15. 15. 5. Build/Enhance the capacity to asses forests their ability to maintain or increase human resilience to climate change for the forest to enhance its resilience to climate change . 6. Create/Develop markets for environmental services, like carbon . 7. Strengthen forest governance (include rights of indigenous people and forest dependants) 8. Significantly increase support existing initiatives and programmes (e.g. nfps, international agreements and conventions like CBD, UNFF-NLBI, UNCCD) They all facilitate attainment of REDD+ objectives.
  16. 16.  Many societies in Africa continue to adapt to effects of climate change and variability.  Not clear how forests and trees are adapting to climate change  this is a prerequisite to designing effective mechanisms for the sector to deal with climate change  However, more attention and resources are currently on mitigation and not on adaptation.  Adaptation is urgent, requires even more resources than mitigation. If people and the forests cannot adapt to the present vagaries of climate change how can they build up the capacity to mitigate the same?
  17. 17. Much more attention and funding going to the Congo basin (180 million ha) as opposed to woodlands and dry forests (460million ha). Are we appreciably addressing poverty through forests in Africa? Are we really addressing deforestation and degradation where it is more extensive and damaging to livelihoods?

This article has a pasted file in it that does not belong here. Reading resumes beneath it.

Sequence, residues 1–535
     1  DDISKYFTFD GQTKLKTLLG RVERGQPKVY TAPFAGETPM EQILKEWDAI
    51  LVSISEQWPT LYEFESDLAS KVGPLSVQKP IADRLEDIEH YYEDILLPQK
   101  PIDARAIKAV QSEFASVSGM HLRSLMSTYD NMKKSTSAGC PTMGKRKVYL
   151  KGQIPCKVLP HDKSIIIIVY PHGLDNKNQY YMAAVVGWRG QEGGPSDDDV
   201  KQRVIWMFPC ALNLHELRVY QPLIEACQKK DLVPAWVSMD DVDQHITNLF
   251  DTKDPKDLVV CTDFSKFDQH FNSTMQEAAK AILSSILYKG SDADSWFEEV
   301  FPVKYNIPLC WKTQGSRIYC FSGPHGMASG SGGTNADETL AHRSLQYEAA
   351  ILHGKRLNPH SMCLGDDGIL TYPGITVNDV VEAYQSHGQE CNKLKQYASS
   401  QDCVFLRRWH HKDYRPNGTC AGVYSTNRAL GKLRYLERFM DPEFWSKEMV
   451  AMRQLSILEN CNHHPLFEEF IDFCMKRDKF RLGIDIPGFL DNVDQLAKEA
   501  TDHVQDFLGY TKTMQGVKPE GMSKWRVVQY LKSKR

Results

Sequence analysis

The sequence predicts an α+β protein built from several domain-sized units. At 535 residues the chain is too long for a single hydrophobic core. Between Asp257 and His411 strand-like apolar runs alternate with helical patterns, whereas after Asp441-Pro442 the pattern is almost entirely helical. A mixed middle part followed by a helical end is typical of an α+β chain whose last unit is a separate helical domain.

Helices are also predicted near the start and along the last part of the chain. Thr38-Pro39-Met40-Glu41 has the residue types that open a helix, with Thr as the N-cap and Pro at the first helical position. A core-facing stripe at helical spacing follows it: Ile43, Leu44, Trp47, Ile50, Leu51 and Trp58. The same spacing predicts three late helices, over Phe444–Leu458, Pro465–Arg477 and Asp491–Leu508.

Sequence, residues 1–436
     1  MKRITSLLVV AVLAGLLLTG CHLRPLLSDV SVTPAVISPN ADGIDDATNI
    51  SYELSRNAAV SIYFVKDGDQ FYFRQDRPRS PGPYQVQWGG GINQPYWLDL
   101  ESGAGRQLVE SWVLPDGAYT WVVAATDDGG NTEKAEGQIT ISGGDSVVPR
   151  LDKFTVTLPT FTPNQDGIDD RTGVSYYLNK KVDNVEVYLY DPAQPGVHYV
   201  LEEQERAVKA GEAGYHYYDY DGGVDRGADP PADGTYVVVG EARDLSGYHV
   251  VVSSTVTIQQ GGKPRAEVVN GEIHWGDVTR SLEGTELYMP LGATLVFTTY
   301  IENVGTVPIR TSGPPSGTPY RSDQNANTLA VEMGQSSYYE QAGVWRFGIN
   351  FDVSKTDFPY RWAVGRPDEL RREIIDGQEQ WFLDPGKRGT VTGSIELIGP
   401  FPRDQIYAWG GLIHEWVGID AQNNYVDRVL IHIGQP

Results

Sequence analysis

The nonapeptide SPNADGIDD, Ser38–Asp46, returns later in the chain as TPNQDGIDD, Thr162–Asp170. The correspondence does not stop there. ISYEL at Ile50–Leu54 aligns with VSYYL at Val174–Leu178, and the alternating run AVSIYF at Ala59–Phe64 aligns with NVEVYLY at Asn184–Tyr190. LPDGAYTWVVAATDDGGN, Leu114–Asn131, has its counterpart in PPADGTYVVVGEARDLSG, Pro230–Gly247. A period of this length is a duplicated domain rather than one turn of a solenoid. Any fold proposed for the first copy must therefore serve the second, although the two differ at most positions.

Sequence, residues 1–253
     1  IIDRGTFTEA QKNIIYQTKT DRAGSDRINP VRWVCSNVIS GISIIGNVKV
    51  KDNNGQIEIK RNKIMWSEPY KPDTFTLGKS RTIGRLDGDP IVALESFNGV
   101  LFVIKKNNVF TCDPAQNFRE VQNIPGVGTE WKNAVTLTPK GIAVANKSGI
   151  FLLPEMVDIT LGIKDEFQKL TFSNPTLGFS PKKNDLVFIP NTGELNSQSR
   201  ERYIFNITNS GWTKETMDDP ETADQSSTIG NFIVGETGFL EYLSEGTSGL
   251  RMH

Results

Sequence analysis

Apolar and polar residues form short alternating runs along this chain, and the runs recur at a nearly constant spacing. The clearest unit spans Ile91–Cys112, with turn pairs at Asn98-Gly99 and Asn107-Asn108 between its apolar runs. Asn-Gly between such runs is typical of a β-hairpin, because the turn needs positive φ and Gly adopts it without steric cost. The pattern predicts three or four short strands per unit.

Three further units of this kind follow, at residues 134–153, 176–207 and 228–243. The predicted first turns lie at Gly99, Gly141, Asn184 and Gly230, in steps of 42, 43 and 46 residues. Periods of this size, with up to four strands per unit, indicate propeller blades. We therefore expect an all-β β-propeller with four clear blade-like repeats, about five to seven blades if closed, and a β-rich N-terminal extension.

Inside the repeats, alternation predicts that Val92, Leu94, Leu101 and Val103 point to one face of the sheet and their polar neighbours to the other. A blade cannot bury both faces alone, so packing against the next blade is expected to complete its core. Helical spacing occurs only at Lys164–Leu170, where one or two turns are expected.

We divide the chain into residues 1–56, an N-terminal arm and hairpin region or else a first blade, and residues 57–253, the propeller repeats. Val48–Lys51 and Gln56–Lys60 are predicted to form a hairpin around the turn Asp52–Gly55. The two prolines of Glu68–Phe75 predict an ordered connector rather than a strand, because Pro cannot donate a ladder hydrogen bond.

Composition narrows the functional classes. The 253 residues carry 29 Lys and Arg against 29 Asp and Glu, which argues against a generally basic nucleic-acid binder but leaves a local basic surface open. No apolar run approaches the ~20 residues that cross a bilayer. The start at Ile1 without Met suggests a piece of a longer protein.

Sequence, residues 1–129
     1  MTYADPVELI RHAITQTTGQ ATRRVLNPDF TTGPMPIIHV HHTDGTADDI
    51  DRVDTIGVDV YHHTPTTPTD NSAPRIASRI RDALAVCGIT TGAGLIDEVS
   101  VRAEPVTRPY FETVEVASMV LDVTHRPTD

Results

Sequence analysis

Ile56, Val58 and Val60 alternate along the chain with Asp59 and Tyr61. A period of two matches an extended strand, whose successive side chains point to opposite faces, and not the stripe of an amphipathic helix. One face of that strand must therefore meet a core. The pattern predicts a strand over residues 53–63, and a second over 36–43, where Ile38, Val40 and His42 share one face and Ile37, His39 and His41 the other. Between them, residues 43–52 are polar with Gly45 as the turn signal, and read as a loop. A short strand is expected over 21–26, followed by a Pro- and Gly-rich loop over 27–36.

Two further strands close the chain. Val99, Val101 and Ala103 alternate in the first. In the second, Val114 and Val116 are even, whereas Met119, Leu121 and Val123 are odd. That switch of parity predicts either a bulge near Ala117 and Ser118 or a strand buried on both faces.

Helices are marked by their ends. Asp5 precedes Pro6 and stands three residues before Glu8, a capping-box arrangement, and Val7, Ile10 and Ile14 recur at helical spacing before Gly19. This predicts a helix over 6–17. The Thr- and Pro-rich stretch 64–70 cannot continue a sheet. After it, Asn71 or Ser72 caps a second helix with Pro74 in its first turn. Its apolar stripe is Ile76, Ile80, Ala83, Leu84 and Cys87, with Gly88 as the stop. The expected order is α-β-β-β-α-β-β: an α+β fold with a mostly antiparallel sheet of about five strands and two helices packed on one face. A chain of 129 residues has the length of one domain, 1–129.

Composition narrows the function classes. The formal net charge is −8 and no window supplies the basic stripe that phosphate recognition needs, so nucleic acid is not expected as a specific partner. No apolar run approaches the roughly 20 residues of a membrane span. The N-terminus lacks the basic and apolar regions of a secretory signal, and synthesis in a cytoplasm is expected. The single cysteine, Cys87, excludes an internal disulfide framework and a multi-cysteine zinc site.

18. 18. Focus of AFF’s work To facilitate the evolution of an African forest based response to climate change Expected outcome Increased and improved participation of African forestry sector and stakeholders in climate change issues and initiatives, including adaptation, mitigation and sharing of possible benefits How We Do It Working Group on Climate Change Sub-committee of the Governing Council of AFF (7members) Provides policy guidance Expert Panel on Climate Change (7) Deals with the science of climate change in African forest sector
  19. 19. Present activities 1. Create sufficient awareness on influence of climate change on African forests. relevant studies, workshops, forthcoming book more work remains 2. Facilitate national and regional forestry related institutions in tackling climate change issues involvement of national and regional institutions (AUC, FAO-Regional Office for Africa, SADC, UNECA) participating in regional and sub-regional initiatives (SADC,ECOWAS, AFWC, COMESA, UNEP-ROA) sharing information with regional and national institutions and individuals. support Africa in climate change negotiations-AMCEN/AUC